Covid-19 Neglected

With 673 new cases reported in the last 24 hours, it seems as though Covid-19 is thriving under the radar. Meanwhile, authorities and unsuspecting citizens are far too consumed by the political developments in the country to register the need to take preventative steps that will prevent another wave from devastating the country once again. The risk of transmission is increasing, especially with the upcoming Ashura holidays. This is a vital moment to take action and should there be any delays, we are most likely going to see the situation get worse.
Fortunately, the National Institute of Health (NIH) reported no deaths in the last 24 hours but just two days ago, 10 people lost their lives. On average, the country is reporting anywhere between 400-800 positive cases, proving that the disease is still very prevalent. Vaccination measures have helped contain the disease and build immunity but with new more contagious and resistant variants, transmission risks are high.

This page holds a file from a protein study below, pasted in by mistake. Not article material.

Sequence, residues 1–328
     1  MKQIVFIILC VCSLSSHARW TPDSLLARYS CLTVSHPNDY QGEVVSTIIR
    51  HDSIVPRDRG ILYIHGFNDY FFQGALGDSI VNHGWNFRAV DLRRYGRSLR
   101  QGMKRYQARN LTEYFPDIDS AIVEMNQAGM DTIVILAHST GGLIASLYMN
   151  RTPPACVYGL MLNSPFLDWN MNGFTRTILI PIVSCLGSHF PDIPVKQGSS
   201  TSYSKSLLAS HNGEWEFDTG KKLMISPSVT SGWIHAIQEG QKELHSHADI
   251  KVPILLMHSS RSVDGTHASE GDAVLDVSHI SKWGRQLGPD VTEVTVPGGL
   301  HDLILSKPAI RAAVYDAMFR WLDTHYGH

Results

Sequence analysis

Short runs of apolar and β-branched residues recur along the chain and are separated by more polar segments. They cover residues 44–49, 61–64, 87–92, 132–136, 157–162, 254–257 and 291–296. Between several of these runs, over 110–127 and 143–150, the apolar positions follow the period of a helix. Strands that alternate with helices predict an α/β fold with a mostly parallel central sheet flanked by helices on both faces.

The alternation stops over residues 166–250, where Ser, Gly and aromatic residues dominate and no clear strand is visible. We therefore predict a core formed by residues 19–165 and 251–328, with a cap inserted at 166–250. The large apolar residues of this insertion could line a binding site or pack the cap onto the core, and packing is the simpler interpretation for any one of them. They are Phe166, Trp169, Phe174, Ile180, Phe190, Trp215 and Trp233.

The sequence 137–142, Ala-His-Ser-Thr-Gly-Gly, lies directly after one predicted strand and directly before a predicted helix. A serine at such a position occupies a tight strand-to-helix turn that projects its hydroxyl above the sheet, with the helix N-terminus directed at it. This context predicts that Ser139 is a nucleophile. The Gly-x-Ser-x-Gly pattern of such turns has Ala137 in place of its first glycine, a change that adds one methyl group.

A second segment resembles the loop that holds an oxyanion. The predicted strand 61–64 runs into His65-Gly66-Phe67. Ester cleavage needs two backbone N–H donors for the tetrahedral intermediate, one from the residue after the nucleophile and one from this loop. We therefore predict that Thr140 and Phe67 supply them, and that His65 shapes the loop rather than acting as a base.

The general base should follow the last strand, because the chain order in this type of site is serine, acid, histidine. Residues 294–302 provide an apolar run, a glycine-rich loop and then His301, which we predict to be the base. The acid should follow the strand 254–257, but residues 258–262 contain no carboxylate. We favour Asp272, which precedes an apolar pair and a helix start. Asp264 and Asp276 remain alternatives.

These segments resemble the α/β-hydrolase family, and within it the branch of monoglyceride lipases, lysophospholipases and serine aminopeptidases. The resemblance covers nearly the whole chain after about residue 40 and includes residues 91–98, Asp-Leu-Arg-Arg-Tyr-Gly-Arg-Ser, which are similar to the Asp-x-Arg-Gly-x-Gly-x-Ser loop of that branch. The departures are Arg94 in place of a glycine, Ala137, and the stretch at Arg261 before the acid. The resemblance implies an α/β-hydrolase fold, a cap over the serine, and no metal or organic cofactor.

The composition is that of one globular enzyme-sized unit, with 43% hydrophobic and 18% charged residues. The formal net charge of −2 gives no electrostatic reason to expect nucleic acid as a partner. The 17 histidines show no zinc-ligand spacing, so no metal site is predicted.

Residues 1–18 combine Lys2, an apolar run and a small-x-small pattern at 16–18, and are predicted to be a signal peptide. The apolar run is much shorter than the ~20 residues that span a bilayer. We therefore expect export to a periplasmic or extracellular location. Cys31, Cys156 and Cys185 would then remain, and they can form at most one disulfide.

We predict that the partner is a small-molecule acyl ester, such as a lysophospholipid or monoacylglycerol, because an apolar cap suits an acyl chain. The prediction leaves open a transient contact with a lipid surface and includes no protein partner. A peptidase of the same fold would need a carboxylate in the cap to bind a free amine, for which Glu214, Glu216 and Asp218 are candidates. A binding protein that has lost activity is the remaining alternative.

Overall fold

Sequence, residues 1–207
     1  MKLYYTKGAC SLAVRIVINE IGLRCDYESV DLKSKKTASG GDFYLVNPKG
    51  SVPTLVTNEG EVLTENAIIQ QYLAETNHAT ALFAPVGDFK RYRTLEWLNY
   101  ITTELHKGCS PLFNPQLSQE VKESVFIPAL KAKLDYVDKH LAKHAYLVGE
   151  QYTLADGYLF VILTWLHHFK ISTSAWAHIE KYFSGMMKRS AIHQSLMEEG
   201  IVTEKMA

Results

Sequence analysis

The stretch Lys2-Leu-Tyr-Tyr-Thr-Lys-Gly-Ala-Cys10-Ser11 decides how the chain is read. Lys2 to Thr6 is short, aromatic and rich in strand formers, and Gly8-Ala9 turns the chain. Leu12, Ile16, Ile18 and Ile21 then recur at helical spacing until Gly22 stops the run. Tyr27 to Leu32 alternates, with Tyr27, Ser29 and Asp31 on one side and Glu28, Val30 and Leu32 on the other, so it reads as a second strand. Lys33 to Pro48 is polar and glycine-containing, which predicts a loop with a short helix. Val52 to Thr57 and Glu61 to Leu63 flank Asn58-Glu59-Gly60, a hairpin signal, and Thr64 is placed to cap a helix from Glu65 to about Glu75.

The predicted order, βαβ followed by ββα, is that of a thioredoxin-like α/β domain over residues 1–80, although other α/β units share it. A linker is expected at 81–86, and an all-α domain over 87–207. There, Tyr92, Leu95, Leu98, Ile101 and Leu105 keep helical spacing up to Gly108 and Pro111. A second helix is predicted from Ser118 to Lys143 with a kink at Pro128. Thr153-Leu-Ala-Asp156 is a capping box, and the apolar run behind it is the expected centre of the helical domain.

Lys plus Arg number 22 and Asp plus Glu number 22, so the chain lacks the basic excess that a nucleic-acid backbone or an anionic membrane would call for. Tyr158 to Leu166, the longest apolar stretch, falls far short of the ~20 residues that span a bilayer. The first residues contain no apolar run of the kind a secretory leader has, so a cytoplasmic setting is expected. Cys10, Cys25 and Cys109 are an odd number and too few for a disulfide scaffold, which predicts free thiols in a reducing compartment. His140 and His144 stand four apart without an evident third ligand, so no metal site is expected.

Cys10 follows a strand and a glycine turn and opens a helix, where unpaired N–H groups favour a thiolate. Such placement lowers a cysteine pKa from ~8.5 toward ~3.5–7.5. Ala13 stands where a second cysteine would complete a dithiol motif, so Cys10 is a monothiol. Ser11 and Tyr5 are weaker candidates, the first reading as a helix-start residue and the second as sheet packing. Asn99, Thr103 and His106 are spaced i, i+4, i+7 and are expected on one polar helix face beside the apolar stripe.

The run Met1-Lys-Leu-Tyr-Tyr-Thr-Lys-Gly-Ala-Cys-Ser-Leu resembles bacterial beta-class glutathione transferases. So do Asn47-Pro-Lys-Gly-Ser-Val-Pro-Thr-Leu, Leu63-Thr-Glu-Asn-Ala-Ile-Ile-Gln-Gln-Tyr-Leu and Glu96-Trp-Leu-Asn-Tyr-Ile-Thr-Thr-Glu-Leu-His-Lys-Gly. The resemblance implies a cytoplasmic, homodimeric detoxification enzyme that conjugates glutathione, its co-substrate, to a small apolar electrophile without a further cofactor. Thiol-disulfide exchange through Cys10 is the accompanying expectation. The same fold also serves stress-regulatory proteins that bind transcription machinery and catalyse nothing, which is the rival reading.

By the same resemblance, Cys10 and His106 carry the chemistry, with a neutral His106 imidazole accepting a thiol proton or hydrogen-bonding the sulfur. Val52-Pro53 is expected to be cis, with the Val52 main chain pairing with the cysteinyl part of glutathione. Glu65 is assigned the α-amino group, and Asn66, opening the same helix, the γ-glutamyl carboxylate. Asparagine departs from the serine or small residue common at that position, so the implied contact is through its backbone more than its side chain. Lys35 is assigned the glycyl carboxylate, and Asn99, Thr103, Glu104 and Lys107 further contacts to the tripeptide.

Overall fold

No one can deny that an exhausted population has completely let go of taking precaution. Masks are worn rarely, emphasis on sanitisation has declined, social distancing is not practiced and society has resumed functions similar to the pre-pandemic era. We must recognise that we are particularly vulnerable at this stage due to various other factors like high prices due to inflation, economic troubles, floods, the reemergence of polio, dengue and various other menaces that are plaguing our country. These are problems that deserve our attention and it is about time that the government takes action.
The upcoming Muharram gatherings and religious processions are at high-risk for transmission according to the NIH. Special warnings have been issued to abide by certain protocols like social distancing, wearing masks, using sanitizer and more. Religious clerics have also been instructed to create awareness and urge the public to be more responsible. In the meantime, the government must pull its weight. We have the capacity to approach and cater to rural areas as well after the US donated mobile labs for quick and easy diagnostics. These must be utilised, along with other measures that create awareness and prevent transmission.

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